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 Post subject: Students Turn Mine Waste Into Tie Dye
PostPosted: Tue Apr 17, 2012 7:40 pm 
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Location: Anthracite Region of PA
Students turn mine waste into tie dye


By Denise Allabaugh (Staff Writer)

Published: April 17, 2012

NANTICOKE - Sixth-graders from Leo E. Solomon Plains Elementary School plan to recycle acid mine waste from area streams and turn it into chalk and tie-dyed T-shirts.

About 60 students visited sites affected by abandoned mines on Monday in Newport Township, Nanticoke and Hanover Township - places where the water is lifeless and orange, where the strong smell of sulphur remains.

Thanks to a $2,000 grant the school received from PPL's Empowering Educators grant program, two solar-powered kilns will be built out of wood and recyclable materials and used to reclaim, dry and recycle iron oxide in the streams.

The school is working together with Eastern Pennsylvania Coalition for Abandoned Mine Reclamation on the project. The kilns will be built at the school at the EPCAMR office in the Earth Conservancy building in Ashley, said Mike Corcoran, elementary science coordinator for Wilkes-Barre Area School District.

Corcoran said the project's goals are to show students local streams negatively impacted by abandoned mine drainage and to teach them what they can do to help. After collecting and drying the iron oxide from the streams in a kiln, the students will create chalk and wear the T-shirts they tie-dye on their sixth-grade class trip, he said.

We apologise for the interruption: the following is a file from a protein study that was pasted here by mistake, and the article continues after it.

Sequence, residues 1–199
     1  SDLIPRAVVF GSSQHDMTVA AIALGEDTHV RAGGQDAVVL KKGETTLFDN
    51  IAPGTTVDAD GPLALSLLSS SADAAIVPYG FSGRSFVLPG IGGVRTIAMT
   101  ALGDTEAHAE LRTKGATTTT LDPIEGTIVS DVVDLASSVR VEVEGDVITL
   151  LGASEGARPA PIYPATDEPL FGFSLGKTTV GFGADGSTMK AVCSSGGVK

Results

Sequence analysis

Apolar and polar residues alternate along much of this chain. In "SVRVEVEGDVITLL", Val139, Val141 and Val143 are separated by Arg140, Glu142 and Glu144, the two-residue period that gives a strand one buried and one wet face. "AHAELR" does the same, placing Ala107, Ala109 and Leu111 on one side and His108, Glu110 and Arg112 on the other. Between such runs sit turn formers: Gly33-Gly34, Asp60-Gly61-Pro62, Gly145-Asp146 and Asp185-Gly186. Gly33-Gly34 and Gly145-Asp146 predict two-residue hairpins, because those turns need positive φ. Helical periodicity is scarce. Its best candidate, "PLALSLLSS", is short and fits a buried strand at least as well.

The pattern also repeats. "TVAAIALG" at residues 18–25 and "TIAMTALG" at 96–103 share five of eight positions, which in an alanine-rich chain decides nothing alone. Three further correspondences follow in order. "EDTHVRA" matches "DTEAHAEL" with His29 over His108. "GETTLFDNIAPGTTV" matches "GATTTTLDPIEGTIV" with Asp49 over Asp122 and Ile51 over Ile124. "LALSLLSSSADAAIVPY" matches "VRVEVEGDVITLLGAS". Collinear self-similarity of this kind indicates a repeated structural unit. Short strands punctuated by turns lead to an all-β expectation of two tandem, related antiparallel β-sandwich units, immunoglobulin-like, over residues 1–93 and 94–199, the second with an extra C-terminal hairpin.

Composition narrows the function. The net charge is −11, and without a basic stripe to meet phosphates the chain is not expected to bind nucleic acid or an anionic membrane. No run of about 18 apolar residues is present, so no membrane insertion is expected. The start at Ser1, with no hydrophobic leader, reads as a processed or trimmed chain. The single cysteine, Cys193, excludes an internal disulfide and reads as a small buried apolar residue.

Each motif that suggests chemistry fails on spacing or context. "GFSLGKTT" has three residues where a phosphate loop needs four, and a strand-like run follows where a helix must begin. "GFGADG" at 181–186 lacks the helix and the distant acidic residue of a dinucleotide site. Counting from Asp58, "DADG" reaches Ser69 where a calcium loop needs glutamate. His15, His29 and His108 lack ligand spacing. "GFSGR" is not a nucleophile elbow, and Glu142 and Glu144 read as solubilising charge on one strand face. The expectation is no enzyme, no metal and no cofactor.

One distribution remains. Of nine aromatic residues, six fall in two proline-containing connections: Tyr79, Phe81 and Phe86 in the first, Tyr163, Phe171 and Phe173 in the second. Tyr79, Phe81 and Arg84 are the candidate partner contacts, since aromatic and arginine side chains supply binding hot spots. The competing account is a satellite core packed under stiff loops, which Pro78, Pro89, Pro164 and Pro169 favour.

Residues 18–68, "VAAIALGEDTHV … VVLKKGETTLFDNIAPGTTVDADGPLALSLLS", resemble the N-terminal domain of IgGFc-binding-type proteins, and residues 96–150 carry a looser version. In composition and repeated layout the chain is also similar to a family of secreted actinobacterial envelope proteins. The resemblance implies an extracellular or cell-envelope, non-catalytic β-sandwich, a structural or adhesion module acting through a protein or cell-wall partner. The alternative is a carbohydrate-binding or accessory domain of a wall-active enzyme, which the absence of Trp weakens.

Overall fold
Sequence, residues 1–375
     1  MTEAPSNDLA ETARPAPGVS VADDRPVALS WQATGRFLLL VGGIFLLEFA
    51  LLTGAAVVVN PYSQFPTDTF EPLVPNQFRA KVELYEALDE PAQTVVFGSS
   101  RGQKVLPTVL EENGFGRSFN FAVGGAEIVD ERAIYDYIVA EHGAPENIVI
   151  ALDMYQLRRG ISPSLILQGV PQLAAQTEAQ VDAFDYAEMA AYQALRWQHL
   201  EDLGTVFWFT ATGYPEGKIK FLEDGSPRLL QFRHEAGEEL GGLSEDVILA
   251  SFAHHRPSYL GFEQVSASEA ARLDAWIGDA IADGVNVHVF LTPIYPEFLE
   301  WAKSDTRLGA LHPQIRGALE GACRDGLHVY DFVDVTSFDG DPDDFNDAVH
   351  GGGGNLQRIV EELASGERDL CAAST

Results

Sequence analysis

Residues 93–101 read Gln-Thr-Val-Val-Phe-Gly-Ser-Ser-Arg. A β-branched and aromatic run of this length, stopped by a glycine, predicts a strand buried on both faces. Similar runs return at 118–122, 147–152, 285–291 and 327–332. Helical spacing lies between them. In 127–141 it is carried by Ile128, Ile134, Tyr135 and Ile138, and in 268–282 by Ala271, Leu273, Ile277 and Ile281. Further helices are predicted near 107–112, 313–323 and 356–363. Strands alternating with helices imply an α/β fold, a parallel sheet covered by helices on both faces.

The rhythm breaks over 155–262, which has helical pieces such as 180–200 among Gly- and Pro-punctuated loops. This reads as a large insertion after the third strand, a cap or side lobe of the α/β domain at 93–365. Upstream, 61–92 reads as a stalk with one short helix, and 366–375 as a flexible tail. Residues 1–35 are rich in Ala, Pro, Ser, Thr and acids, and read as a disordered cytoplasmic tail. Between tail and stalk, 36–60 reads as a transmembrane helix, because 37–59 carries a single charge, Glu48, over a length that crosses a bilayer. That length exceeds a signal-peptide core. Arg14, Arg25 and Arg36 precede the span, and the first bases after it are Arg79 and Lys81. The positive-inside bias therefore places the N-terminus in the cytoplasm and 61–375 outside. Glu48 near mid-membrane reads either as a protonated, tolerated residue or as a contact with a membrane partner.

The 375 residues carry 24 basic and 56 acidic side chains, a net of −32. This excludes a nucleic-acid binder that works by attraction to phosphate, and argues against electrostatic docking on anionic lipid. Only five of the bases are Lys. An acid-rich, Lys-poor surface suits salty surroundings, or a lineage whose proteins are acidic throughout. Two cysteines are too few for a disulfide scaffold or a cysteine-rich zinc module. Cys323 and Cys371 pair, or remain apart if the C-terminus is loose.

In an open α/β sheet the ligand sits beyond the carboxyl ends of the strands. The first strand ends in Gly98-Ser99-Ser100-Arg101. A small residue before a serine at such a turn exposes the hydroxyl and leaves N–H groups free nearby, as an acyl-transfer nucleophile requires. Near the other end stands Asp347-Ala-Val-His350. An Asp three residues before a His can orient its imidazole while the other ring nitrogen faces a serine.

"We would like to see living things in our streams, which makes them healthy. This isn't healthy," Corcoran said, as students removed iron oxide from abandoned mine winter in the Honey Pot section of Nanticoke. "This stuff is not in our textbooks. Getting the kids out to see this first-hand is fantastic because when you talk about things that impact us locally, you don't see that in a national textbook."

Robert Hughes, executive director of the Eastern Pennsylvania Coalition for Abandoned Mine Reclamation, told students removing the iron oxide prevents it from draining into the Susquehanna River.

"This is neat because it's energy conservation plus water-resource protection and recovery of iron oxide for some good," Hughes said.

dallabaugh@citizensvoice.com, 570-821-2115

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 Post subject: Re: Students Turn Mine Waste Into Tie Dye
PostPosted: Wed Apr 18, 2012 4:46 pm 
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Location: SW Indiana
Interesting on one hand. On the other hand I see this as a "green" / "treehugger" tirade. "OH! My! Look how mean and nasty Coal Mining is." "We have been hurting the environment" . 12 y/o skulls full of mush, only know what is feed to them and can't make reasoned choices.

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 Post subject: Re: Students Turn Mine Waste Into Tie Dye
PostPosted: Mon Apr 23, 2012 9:14 pm 
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Joined: Thu Feb 08, 2007 11:09 pm
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Location: Pittsburgh, Pennsylvania
They have been doing this for a while. I still have my shirt from back in 2005.

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